Every Saturday morning, subscribers to Blueprint for Football Extra, this site's free newsletter, receive an e-mail with the best coaching related articles we've come across during the week. These are the articles included in the e-mail sent on the 27th of December. If you too want to receive the links straight in your in-box, all you have to do is subscribe to the newsletter.
Tyrone Mings Makes His Mark At Ipswich On And Off The Pitch
On the weekend when Sunderland once again beat Newcastle thanks to a goal by Adam Johnson – who had grown up supporting Newcastle and had been in their youth system before being let go when he was twelve – this piece about Tyrone Mings was particularly poignant.
Mings was let go by Southampton as a 16 year-old because of “lack of physical development” but refused to give up on his dream. Good for him because he’s now one of the hottest properties in the Championship having joined Ipswich after a spell in non-league.
Whilst his rise to prominence might make for a good story, its true value, coaching wise, lies in the care that needs to be taken when judging players on their physical development.
Manufacturing Goal-Scoring Opportunities
This is one that will largely interest coaches who work with older age groups. As the title suggest, this session by Gavin MacLeod involves a number of drills through which one can coach the creating of goal-scoring opportunities.
More Important Than Talent
The more that I read and talk to people about the development of players, the more convinced I become of the need of mental strength as much talent. This article reflects that view. Far too many athletes have ability but are unable to make the sacrifices that are needed in order to ensure that their potential is maximised.
La Liga Power Balance Shifts: Has Barcelona Lost Its Soul?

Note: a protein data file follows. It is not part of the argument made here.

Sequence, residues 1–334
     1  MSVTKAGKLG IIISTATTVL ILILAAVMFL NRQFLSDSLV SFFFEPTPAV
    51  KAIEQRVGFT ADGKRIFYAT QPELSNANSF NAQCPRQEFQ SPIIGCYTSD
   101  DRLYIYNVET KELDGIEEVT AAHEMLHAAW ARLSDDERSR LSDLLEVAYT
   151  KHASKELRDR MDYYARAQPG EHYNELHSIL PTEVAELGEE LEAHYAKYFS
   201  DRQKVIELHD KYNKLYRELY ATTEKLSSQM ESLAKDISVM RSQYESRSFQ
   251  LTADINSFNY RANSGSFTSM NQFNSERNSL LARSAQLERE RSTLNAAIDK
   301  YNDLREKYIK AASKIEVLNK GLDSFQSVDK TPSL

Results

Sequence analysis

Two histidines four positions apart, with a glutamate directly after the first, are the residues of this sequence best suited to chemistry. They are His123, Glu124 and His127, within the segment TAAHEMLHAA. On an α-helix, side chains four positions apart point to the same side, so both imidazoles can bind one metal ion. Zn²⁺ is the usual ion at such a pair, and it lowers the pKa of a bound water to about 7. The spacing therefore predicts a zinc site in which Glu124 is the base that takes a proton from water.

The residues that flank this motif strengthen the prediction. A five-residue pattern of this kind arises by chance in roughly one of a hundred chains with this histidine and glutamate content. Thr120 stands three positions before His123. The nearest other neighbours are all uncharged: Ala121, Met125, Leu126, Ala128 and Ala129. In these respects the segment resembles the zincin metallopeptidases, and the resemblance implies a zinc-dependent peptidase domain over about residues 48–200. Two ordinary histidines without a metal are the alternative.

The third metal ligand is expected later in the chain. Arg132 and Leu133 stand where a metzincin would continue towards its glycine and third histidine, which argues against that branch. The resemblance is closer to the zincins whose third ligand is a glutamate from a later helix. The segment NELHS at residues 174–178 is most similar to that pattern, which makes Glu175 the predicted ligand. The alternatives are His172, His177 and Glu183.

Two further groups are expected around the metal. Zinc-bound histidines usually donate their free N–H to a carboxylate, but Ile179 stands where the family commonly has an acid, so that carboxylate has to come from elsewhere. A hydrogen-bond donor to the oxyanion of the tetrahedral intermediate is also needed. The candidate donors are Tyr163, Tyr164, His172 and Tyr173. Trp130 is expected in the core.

On the pages of Blueprint for Football there is a lot of talk on establishing a philosophy of how you want to play. Typically, when people hear that phrase they immediately think about Barcelona and how they managed to achieve phenomenal success with a team largely made up of home grown players along with a unique way of playing.
That image, however, isn’t in synch with what close followers of the club are seeing at the moment. With the core of the dominant team growing older and a desire to look outside of the club to get new players – with limited success - there is a distinct feeling that its philosophy needs revisiting.
Managing the Welfare of the Elite Athlete
Close observers of this weekly digest will notice that every week I try to include at least one article from another sport. This time round it is something from British cycling – a sport whose success has given me (and many others) so much food for thought – and in particular from Sir Dave Brailsford. This fairly lengthy piece provides an overview of the core elements that resulted in the sports’ success and strengthens the belief that success isn’t down to one thing but a combination of factors.